plen2

Plen2 Is A 3D-Print-It-Yourself Humanoid Robot Kit

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Meet Plen2, an adorably cute humanoid robot that’s small enough to stand on your desk. This bot can bust a few moves, such as dancing, carrying small objects and even copying human movements (when used in conjunction with additional sensor suit tech).

It’s also open source and 3D printable — or that’s the plan for Plen, the Japanese company behind the prototype, which is hoping a little customization will spark the beginnings of a beautiful friendship betwixt humans and humanoids.

The team is currently raising crowdfunds on Kickstarter to get Plen2 to market, and have passed their $40,000 target with another 43 days left of their campaign to run — so have enough money pledged to turn their open-source robot dreams into a printable commercial reality.

Pay $499 and you’ll get the electronics (control boards, servomotors, accessories, etc.) and 3D parts’ data to 3D print your own Plen2. Or else you can pay for the full kit, costing from $699, for DIY assembly. Or $799 for a pre-assembled Plen2. The firm is aiming to ship kits and bots to backers later this year, starting in August or November (depending on which kit/bot you’ve ordered).

Naohiro Hayaishi, who’s in charge of product development for Plen, says the company developed its original Plen bot in 2005, but last year started working on the follow up. Plen2 is smaller, and the big push here is on open sourcing its hardware so people with access to 3D printers will be able to print their own parts — and feel more connected to the robot, given they’ll have had a hand in building it.

Partly this is about creating an education tool, says Naohiro, noting that the company is in the process of creating an educational program around Plen2 with various partners. But the grander — and more socially intriguing — goal here is to humanize robotics technology. “Our aim is to open up the relationship between humans and technology through printable and open-source robot kit,” is how the team puts it on their Kickstarter campaign.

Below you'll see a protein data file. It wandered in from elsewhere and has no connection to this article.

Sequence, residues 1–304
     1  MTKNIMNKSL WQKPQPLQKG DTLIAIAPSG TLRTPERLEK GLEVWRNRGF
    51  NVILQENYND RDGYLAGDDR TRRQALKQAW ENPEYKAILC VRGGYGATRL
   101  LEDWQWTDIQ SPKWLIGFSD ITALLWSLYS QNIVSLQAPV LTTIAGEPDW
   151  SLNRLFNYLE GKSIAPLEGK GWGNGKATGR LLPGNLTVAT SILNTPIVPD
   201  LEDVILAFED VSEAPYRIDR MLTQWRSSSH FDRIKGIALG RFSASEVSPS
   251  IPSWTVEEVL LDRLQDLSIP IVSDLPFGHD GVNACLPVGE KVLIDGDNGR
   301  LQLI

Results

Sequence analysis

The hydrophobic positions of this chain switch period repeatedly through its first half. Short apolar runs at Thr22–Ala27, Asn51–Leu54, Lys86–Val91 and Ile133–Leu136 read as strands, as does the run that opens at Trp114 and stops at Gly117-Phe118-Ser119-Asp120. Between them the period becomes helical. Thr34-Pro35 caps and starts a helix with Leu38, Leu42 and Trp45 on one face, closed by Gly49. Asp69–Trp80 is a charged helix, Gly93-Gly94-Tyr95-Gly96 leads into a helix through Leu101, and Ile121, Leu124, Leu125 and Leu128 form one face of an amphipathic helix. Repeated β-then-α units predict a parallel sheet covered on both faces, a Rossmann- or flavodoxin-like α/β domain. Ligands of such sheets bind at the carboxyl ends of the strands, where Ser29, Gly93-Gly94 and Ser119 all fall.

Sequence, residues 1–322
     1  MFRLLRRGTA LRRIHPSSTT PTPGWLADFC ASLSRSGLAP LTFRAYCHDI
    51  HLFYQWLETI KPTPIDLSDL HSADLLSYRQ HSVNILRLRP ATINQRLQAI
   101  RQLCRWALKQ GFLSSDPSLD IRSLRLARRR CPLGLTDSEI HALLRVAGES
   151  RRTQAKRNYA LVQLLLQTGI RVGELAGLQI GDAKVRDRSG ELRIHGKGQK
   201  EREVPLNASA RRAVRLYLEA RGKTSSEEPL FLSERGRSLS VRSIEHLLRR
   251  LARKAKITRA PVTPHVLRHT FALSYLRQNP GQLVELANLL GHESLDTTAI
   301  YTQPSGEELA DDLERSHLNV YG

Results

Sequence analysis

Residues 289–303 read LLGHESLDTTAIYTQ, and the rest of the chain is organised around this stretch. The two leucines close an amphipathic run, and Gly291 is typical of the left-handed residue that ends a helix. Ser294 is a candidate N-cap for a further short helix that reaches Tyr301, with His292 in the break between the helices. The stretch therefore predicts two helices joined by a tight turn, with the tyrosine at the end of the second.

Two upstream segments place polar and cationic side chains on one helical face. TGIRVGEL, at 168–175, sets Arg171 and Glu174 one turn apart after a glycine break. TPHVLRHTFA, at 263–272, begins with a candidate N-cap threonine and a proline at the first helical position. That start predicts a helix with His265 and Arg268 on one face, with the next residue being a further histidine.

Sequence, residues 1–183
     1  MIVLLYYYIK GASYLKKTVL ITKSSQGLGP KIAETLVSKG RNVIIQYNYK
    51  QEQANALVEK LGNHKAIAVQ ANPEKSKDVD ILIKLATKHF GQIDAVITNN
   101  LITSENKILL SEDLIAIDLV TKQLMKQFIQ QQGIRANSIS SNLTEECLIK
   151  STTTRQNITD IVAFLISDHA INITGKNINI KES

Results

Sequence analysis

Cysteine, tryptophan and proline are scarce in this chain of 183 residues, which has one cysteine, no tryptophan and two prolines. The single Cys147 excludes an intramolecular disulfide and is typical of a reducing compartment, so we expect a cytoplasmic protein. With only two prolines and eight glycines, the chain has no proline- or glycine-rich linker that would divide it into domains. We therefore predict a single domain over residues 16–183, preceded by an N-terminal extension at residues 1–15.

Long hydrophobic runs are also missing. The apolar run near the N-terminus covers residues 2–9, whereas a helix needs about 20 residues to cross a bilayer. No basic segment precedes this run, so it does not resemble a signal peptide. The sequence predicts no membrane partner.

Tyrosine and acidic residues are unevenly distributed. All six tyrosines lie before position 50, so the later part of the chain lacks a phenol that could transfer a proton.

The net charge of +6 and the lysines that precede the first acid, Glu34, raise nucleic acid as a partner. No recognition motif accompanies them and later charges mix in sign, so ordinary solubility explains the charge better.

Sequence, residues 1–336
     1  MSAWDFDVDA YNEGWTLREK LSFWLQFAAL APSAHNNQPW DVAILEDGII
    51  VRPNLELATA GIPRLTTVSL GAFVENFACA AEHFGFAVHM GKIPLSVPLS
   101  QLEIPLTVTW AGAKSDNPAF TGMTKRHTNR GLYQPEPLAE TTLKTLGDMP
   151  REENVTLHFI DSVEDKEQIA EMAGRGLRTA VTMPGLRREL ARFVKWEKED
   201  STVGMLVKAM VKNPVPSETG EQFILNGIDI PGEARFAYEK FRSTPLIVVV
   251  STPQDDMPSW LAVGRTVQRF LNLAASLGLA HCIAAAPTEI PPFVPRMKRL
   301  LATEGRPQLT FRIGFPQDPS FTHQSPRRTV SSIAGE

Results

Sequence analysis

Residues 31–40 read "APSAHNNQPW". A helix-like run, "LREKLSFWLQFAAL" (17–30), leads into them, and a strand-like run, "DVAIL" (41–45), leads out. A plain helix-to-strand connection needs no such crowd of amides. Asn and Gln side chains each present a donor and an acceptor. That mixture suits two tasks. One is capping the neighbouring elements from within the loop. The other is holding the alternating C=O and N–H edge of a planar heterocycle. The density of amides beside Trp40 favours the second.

Going down a crowdfunding route is thus also about Plen reaching out to a community of humans willing to adopt its bots — and take the technology to heart. “We want people know about and join to the process for making robot. This is also the reason why we have preferred the concept of open-source and printable,” says Naohiro.

“Plen2 can move smoothly, same as Plen1. This is the most important thing for us, since we believe that robot must not scare people,” he adds.

It’s certainly a cute idea, and one that flies in the face of well-worn robot dystopia tropes. It’s also no accident that this is a Japanese project, given the domestic push to develop robotics for caring functions. Japanese telecom giant SoftBank has, for instance, been developing a robot that’s apparently capable of learning and expressing emotions.

The country has an aging population which is one reason why there has been a domestic push to accelerate social acceptance of robots and robotics technology. And why Plen has opted for full on kawaii with its bots.

What’s left to do at this point to get Plen2 to market? It needs to be redesigned so that its injection molding can be mass produced, according to Naohiro, and also to ensure its parts are structured so they can be viably 3D printed. The team is also working on developing iOS and Android apps for remote-controlling Plen2.

Plen2 can apparently operate for 20 to 30 minutes on a single charge. Cute form and function aside, a limited battery life remains a very solid way of reassuring humans that robots aren’t really so scary.

Well, not until they figure out how to walk to the power outlet and charge themselves